So much about North Korea is stranger than fiction. It is a hereditary Marxist monarchy whose people are sealed shut from the outside world. They are told that they live in a land of plenty and freedom, yet children are imprisoned for the thought-crimes of their parents, and the regime uses starvation as a means of political control. Such a state has, over the years, behaved in a way that outsiders might find very difficult to believe, let alone understand, so readers may be interested to know which elements of the novel draw from fact.

The abductions program
In the 1970s and early 1980s the North Korean state actively abducted civilians from beaches in Japan and South Korea. These were not important military or political targets, but random people - teenage couples watching a sunset, a divorced man walking a dog, a local hairdresser, and so on. The motive behind this bizarre criminal enterprise has never been fully explained. Some of the victims were put to work teaching local slang and customs to spies and assassins being trained to infiltrate Japan and South Korea; others had their identities stolen; a tiny number were brainwashed and sent back home as spies, but the majority of them had no obvious use to North Korea. They were housed in isolated compounds for decades and permitted only limited contact with the North Korean population, or they died in mysterious circumstances. For years these abductions were the stuff of urban myth and conspiracy theories in Japan, until 2002, when, during a visit to Pyongyang, Japanese prime minister Junchiro Koizumi was stunned to receive an apology from Kim Jong-il for the abduction of thirteen Japanese citizens. (The true number almost certainly runs to several hundred). It was the only public apology Kim had ever made. He hoped it would trigger the release of billions of yen in war reparations from Japan, but it backfired on him spectacularly when the Japanese public reacted with outrage and demanded the abductees' release.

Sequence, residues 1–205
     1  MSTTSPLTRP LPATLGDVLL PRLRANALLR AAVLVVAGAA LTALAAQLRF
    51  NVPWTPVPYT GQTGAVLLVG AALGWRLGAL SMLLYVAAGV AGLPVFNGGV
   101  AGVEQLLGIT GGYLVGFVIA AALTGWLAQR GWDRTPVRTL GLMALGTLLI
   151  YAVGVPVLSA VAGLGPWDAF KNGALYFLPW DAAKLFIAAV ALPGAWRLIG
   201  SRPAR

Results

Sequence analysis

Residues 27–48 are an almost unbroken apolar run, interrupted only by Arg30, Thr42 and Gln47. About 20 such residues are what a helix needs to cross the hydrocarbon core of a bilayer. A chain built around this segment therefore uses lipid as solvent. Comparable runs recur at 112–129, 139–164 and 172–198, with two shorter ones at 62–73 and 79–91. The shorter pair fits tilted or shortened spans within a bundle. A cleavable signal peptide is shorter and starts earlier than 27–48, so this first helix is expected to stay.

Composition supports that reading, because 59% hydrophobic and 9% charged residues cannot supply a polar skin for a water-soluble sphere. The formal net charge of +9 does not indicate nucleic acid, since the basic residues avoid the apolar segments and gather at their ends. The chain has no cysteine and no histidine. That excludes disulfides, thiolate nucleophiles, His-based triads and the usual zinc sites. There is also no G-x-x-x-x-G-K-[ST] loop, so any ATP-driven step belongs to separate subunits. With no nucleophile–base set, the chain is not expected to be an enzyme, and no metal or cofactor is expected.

In addition to the Japanese and South Korean victims, there are believed to be victims from at least twelve countries, including eight from Europe. The most detailed investigation of the abductions is Robert S. Boynton's excellent account, The Invitation-Only Zone (Atlantic Books, 2016).

The Seed-bearing Program
Perhaps because he could never be sure that his kidnap victims were successfully indoctrinated and loyal, Kim Jong-il apparently scrapped the abductions program in favor of the Seed-bearing Program, which came to light only in 2014 with the publication of Jang Jin-sung's extraordinary memoir Dear Leader, (Ebury 2014). In an account reminiscent of an episode of the 'Twilight Zone', Jang describes how North Korea sent attractive female agents abroad to become pregnant by men of other races - men with white, brown, or black skin. At the same time women of other races were kidnapped and brought to Pyongyang to have sex with male North Korean agents. Their half-Korean children were born in Pyongyang and looked foreign. The aim was to create loyal spies who were North Korean born and bred and thoroughly indoctrinated. Today these children live in strict segregation from the rest of the population. Their needs are attended to by Section 915 of the Organization and Guidance Department, the shadowy body through which the ruling Kim exercises power.